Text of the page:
The Bell Bajao Campaign

The Bell Bajao campaign was conceived by Mumbai-based NGO, Breakthrough, to mobilise men in India to take a stand against domestic violence. The campaign has been led by intensive mass media outreach: a series of public service announcements (PSAs) for Indian radio, television and print. “Bell Bajao” translates as “ring the bell” which is the message that informs the whole campaign: anyone can help stop domestic violence by being proactive and drawing attention to it. The PSAs all show examples of men and boys who have witnessed domestic violence within their communities and intervened. (watch a video here)

The campaign was borne out of intensive research on this issue in India. Sonali Khan, from Breakthrough, says the baseline survey they conducted in 2008 indicated that they needed to take a new angle on domestic violence and “begin engaging men and boys in a more proactive and positive role as part of the solution rather than the problem.” This evidence-based approach to a very timely issue, the Domestic Violence Act having been passed in 2005, secured the backing of India's Ministry of Women and Child Development. The ministry's decision to take ownership of the campaign and brand it, says Sonali, enabled the campaign to gain great momentum through state radio and television and ultimately, it was “responsible for the majority of publicity the campaign got”.

As a small organisation, with a core team of only 13 staff, Breakthrough have established a methodology where external collaboration and partnerships are essential to the growth of a campaign. The well known advertising agency, Ogilivy & Mather, helped develop the Bell Bajao concept as a pro-bono project and Breakthrough have also partnered with a variety of “unlikely partners”-- from theatre performers to fashion designers – to increase the visibility of their campaign and reach as wide audience as possible. While Breakthrough TV ensure that all the content they output is controlled by their core staff, they rely on partners when it comes to public awareness raising events such as the mobile video van which toured around India stopping in different towns and villages, showing the PSA videos and teaching – through games and theatre – young people about domestic violence.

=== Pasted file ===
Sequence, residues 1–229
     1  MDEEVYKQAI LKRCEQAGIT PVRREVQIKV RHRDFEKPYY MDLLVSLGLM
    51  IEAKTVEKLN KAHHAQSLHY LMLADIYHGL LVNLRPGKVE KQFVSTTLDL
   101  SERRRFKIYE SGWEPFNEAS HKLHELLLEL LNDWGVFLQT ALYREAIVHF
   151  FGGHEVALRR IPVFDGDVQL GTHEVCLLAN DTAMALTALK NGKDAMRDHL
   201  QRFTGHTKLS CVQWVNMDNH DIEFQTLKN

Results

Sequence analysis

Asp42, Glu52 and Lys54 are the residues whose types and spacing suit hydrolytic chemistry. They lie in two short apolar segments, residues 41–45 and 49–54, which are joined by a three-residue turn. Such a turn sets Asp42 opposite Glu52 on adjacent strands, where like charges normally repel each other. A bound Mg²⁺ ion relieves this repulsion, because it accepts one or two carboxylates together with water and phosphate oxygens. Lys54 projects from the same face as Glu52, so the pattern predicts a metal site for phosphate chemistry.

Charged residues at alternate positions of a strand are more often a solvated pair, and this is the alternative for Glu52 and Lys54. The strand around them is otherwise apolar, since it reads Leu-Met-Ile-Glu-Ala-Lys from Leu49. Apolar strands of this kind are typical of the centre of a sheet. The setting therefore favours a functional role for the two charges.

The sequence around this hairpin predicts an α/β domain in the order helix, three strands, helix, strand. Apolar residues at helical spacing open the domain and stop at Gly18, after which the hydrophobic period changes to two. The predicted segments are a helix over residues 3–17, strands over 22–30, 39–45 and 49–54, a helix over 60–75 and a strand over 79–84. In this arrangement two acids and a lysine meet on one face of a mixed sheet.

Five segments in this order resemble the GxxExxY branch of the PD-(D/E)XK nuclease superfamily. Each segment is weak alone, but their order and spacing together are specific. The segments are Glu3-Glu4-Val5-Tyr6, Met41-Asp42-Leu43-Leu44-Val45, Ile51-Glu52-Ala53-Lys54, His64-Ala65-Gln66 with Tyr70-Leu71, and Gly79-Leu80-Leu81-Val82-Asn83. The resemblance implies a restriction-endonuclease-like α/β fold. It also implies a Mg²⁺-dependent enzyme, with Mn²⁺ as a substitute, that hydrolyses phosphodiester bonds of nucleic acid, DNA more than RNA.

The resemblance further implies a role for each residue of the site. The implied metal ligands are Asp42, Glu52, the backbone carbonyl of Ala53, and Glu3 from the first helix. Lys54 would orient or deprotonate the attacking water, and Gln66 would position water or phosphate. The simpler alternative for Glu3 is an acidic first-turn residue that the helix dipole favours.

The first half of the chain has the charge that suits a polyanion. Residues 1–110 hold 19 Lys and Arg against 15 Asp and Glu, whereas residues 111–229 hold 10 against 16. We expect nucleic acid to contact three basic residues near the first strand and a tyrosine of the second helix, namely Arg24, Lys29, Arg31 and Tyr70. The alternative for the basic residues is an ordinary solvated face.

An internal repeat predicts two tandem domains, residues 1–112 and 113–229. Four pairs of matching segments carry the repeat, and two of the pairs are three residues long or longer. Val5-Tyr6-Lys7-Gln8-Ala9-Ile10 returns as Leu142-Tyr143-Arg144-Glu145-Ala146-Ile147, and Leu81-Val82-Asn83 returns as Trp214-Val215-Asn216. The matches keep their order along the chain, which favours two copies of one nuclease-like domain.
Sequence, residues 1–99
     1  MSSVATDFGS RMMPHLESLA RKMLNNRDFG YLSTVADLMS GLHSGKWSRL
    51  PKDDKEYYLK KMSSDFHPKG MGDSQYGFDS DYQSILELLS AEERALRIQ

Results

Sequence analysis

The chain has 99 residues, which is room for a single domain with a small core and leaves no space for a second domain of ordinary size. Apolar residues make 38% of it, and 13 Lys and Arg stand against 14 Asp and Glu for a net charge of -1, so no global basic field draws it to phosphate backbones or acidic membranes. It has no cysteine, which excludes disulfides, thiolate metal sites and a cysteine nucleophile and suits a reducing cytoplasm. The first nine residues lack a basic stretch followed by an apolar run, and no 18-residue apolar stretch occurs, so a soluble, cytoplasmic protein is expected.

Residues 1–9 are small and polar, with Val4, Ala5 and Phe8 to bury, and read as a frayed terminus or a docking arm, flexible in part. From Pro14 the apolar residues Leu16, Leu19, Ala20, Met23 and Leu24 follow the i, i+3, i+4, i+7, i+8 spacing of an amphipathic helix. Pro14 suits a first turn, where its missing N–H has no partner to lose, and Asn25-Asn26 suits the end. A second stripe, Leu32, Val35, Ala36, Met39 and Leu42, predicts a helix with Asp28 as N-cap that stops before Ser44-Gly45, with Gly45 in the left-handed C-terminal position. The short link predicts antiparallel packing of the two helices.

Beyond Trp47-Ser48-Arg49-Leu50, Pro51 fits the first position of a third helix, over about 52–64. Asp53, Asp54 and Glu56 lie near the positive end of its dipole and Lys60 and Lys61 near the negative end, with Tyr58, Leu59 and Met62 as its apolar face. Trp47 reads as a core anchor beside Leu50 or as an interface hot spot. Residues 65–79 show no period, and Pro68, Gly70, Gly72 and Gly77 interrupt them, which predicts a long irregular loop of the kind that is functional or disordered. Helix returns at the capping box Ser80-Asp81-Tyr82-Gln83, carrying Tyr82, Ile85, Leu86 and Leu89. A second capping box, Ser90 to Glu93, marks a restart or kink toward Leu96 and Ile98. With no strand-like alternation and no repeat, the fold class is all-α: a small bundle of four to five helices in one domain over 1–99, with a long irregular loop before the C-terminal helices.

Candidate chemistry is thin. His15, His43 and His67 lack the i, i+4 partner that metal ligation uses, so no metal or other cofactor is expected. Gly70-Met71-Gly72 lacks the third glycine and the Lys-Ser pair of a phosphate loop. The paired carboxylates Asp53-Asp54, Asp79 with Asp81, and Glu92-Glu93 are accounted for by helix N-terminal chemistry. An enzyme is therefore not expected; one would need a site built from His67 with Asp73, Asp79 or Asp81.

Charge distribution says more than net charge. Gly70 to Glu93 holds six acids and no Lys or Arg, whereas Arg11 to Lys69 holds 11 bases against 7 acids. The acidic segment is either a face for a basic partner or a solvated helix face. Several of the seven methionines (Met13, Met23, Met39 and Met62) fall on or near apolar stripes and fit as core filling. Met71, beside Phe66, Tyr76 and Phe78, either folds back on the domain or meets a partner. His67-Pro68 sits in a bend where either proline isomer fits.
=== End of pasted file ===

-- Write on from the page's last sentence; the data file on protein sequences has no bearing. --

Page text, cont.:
TOOLS USED: video, radio, print media, various social media tools Bell Bajao website and blog.

COST: Production cost for the PSAs; concept done for free by Ogilivy.

REACH: Breakthrough approximates that the campaign has reached 124 million people. This number is calculated from all PSA broadcasts, film festivals, press coverage, Bell Bajao's website, social networking sites and email newsletter, public events and the use of their materials by other organisations. For more information on how Breakthrough has measured the impact, visit their website. 

RESOURCES: advertising agency Ogilivy as a pro-bono agent; backing from the Ministry of Women and Child Development; a substantial network of local partners

LEVEL OF DIFFICULTY: While creating a campaign of such scale and building partnerships is hard work, Bell Bajao's model is an easy one to replicate.

LINKS:; see all the video's on Breakthrough's YouTube channel; for information on their online strategy, see a presentation by Sanjukta Basu on “The Bell Bajao Blog: A Social Media Case Study”

Image: The street theatre performers who toured with the video van. Photo taken Bell Bajao Facebook page.